Visions of Sustainability: A Dream for My Students
As an urban teacher whose heart yearns for wilderness, I dream that my students will see a Polar Bear swinging its head from side to side as it pads silently through the subarctic, as I have seen. I dream they will see an albatross gliding on seven-foot wings over the waves of the Pacific Ocean, and a Fairy Tern will hover above their heads on a nearby island. I dream they will watch a Grizzly with cubs, scavenging along an Alaskan shoreline, a shoreline where thick hordes of shiny salmon congregate. I dream they will see diminutive shorebirds on their way to the Arctic from Argentina, voraciously feeding on tiny, pearly-green eggs that Horseshoe Crabs deposit on the Delaware Bay beaches each spring.
I dream they will come to know like I have come to know the 24-legged Sunflower Stars creeping in clear, cool Alaskan waters, Sandhill Cranes congregating in astonishing numbers on the Platte River, and Whooper Swans floating elegantly among icebergs in Iceland. I dream I will witness my students’ surprise when they realize that a Short-eared Owl, flying low and silently over the tundra, is watching them as it deftly twists its supple neck to get a better view. I dream my students will swim unobtrusively after sharks on a reef and watch them slip through the water propelled by slight flicks of their tails.
My dreams don’t stop here. I dream my students will hear like I have heard, the otherworldly and mournful cries of loons reverberating across a serene lake—a lake unmarred by the passage of motorboats. I dream they will hear wolf howls echoing in the morning immediately after a moose and her calf thunder by. I dream they will hear like I have heard, Northern Ravens and sled dogs communicating back and forth in a way that makes all human conversations halt.
I tell my students about these profound moments that have shaped my life. When I do, I want to tell them that the animals and places I have described do exist in healthy ecosystems. I also want to tell them that the experiences I have had are still possible and will be possible indefinitely because we have recognized that “every being has rights to be recognized and revered” (Berry, 1999, p. 5). Yet the sad fact is that at this point in time I cannot make such a promise. Most of the species about which I tell them are at risk, and when I tell my students this troubling fact, they become quiet with shared sadness.
Why do I dream my students will have these mesmerizing experiences given the material abundance and technological richness of their lives? I dream they will have these experiences because when we pause and deeply look at, or “behold” another, our thinking and understanding expands. Beholding one another teaches us justice and compassion and ignites our feelings of wonder. Beholding one another reminds us that we are never truly alone. Justice, compassion, wonder and companionship may be the most important qualities from which to cultivate sustainability.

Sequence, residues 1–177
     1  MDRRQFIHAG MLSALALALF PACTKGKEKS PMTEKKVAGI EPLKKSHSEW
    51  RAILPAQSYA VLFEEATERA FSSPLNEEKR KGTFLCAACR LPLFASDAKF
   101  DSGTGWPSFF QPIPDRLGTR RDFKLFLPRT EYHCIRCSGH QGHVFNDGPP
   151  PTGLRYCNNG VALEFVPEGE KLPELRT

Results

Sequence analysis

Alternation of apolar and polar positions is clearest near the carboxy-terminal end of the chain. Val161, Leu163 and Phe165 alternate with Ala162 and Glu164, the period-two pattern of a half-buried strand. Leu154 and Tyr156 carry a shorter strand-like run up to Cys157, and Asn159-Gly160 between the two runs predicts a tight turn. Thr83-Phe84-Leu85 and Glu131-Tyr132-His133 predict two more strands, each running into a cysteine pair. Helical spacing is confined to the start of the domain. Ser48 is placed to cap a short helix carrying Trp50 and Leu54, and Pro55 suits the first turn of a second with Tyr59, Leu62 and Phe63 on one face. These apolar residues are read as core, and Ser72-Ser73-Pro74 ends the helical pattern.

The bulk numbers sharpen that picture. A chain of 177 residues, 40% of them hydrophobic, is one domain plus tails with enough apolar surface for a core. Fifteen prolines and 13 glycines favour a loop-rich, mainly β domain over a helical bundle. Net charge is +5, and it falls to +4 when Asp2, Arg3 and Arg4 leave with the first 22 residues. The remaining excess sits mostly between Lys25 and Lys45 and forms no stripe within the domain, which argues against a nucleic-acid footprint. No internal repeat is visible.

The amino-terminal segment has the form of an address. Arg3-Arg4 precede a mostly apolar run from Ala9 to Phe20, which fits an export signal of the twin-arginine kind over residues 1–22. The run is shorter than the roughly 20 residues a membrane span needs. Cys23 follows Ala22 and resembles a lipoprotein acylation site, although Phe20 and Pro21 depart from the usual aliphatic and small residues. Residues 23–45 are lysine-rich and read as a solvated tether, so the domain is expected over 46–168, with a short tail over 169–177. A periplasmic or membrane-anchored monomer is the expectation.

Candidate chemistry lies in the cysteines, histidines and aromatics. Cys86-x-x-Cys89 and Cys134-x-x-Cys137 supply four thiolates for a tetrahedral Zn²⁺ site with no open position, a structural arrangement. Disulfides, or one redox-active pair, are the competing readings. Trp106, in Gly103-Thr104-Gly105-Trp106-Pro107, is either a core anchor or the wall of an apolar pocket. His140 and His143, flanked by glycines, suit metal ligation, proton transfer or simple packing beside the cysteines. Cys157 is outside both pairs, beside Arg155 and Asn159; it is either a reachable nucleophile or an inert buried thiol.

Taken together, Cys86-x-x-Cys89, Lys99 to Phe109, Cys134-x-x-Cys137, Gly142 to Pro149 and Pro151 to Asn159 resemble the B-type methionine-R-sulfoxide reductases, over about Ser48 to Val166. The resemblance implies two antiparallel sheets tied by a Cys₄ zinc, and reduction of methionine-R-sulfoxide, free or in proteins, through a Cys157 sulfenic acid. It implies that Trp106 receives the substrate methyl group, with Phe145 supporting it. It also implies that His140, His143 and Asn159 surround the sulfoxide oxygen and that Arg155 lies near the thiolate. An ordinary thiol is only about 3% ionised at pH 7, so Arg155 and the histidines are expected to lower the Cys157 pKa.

Justice and compassion spring from the hearts of people who recognize our profound interdependence and interrelatedness with one another and the Earth. When we gaze with unwavering attention and receptivity at a Polar Bear, salmon, albatross, crane, shark, wolf, and fellow human being, we step outside time and our singular selves. We look into the profundity of life itself, including the outrageous improbability of our own lives. The diversity we witness leaves us awestruck, too, as the dazzling array of adaptations are made clear. We become aware, at first with a slight flickering and then later with a deepened understanding, that despite our colorful diversity, we are, in so many ways, the same. This powerful understanding of our oneness and uniqueness—and also of our enduring affinity—is sacredness unveiled. We sink to our knees with humility, reverence and gratitude. We recognize that our actions are circular: as our actions go out to affect others, they come back to affect us in a great “boomerang of being.” In light of our deepened awareness and recognition of these relationships—our deepened humanity—we discover there is only one way to live: a just and compassionate life illuminated with participation in revitalized systems of governance, economics, and education that create a sustainable world—a sustainable world in which we first and foremost celebrate and honor life so that it may continue to flourish in all of its glorious, riotous abundance.
This is what I tell my students. This is the world about which they dream, too.
Berry, T. (1999). The great work: Our way into the future. New York: Bell Tower.